Bookmark and Share
|
  • Text +
  • Text -

Prof. Robert Gaines Receives $184,036 NSF Grant for Project Investigating Origins of Complex Life

Robert Gaines in China

Robert Gaines in China

A large tent protects the drilling site in Chengjiang, China

A large tent protects the drilling site in Chengjiang, China

A core sample from the Chengjiang, China, drilling site

A core sample from the Chengjiang, China, drilling site

Associate Professor of Geology Robert Gaines has received a $184,036 National Science Foundation grant for “The Chengjiang Scientific Drilling Project and an Integrated Model for Understanding Burgess Shale-type deposits.” The deposits are famous for their exceptional preservation of soft-bodied fossils of the Cambrian era, during the dawn of animal life.

The Chengjiang shale is located in Yunnan Province, in southwest China, bordering Vietnam, Myanmar and Tibet, at the transition between the jungle and the high plateau. The current drilling site is at 6,500 feet, and the research team plans to expand drilling along a shallow to deep water transect in the ancient marine layers that were uplifted during the building of the Himalayan mountains.

In these types of deposits, eyes, guts, gills and other soft tissues are preserved in remarkable detail. “How these fossils came to be preserved is not only a 100-year-old curiosity,” says Gaines, “but is critical to understanding the evolving chemistry of the earth’s surface, which is directly relevant for the evolution of animals from single-celled organisms.

“The Cambrian explosion is a singular event in life’s history when almost all animal phyla appear on earth rather than gradually as Darwin would have predicted,” he explains, “To many of us, this implies some kind of spark in the Earth’s systems which triggered the event. Essentially, the biological machinery was in place to make animals but the conditions were not yet permissible for their evolution.”

The Chengjiang area has been known since 1984 to have exquisitely preserved Burgess shale-type fossils of the earliest animals. This is the first scientific drilling examining the Chengjiang deposits in a systematic way. Unlike other Burgess Shale sites where Gaines does fieldwork, drilling is necessary at this site because the Indian monsoon rains leach certain minerals from the rocks when they are exposed on the surface. The geochemical information contained within these minerals provide important proxies to understanding environmental conditions of the Cambrian Earth.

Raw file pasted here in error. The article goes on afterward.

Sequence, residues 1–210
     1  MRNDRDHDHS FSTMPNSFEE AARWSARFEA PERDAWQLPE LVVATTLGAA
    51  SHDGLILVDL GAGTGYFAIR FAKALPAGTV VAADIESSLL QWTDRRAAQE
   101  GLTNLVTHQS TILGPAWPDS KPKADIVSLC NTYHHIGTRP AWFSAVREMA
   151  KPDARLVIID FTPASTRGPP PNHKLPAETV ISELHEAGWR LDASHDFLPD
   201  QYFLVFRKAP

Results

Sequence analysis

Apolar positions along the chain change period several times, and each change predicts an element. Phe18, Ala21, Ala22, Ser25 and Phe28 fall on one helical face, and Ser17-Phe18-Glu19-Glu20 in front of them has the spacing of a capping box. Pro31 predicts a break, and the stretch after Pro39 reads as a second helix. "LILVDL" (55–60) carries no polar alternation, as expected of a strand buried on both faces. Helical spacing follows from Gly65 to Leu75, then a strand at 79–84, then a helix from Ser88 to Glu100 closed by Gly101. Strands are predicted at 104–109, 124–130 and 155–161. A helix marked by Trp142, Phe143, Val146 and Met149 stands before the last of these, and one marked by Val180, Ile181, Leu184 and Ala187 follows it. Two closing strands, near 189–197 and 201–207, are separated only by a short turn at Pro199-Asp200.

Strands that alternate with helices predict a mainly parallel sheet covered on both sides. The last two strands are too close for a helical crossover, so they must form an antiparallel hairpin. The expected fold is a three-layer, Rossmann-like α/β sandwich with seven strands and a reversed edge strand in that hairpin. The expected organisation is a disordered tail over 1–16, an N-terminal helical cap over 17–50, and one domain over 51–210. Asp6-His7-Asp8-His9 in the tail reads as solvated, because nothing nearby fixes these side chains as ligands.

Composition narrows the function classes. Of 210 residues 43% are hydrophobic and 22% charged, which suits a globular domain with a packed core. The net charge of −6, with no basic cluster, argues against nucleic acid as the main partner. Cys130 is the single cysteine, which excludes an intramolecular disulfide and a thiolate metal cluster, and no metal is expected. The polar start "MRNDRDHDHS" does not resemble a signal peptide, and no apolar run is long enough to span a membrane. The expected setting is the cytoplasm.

The team has already drilled two sites in Yunnan, in a process that takes four-to-five weeks, in a 24-hour a day operation, to reach depths greater than 200 meters (>650 feet). Core samples are extracted every two-to-four hours. The continuous core sample, which measures 12 cm in diameter and 200+ meters long, is sent to a laboratory at Yunnan University where Gaines and colleagues spend three weeks describing it in millimeter-scale detail and taking hundreds of samples. Additional analysis is done at Pomona College, the Nordic Center for Earth Evolution at the University of Southern Denmark and Yunnan University.

On the Pomona campus, the analysis will be aided by a new CHNS (carbon, hydrogen, nitrogen, sulfur) elemental analyzer, whose purchase was funded by Pomona College and the NSF grant. The state-of-the-art machine measures the lightest elements in the periodic table, and with Pomona’s X-ray flouresence analyzer, will give Pomona researchers, both faculty and students, the ability to measure the full-range of the periodic table.

This summer, Gaines will return to China to select the 2012 drilling site along the transect from ancient shallow-water environments to ancient deep-water environments. This third core, to be drilled in strata that were deposited in deep water, is especially important because these waters had a better connection to the open ocean. Analysis of this deposited material will allow the team to tease out the influence of local ocean chemistry from the global signal of the evolving chemistry of Earth’s oceans and atmosphere during this critical interval in the history of life.

According to Gaines, “Our preliminary analysis of the Chengjiang samples and those from similar sites around the world seems to indicate that increasing oxygen levels and high oceanic alkalinity may be keys to early animal evolution and both are involved in the unique preservation that we find at Chengjiang.”

Gaines is the principal investigator for the NSF grant. His collaborators on the project are Hou Xianguang and Qi Changshi, of Yunnan University; Emma Hammarlund and Don Canfield of the Nordic Center for Earth Evolution, University of Southern Denmark; and Mr. Wu, Mr. Huang and Mr. Yang of the Kunming Luyi Mining Company.